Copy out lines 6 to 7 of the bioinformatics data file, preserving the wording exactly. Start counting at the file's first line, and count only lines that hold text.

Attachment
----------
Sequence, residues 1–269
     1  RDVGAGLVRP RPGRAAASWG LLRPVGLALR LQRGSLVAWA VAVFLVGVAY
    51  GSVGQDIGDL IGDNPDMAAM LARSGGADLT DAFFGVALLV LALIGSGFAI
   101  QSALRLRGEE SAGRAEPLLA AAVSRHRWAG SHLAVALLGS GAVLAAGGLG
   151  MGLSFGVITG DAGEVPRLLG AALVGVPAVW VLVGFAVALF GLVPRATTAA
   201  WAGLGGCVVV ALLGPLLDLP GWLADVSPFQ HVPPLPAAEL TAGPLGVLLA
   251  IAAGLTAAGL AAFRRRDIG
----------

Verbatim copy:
   201  WAGLGGCVVV ALLGPLLDLP GWLADVSPFQ HVPPLPAAEL TAGPLGVLLA
   251  IAAGLTAAGL AAFRRRDIG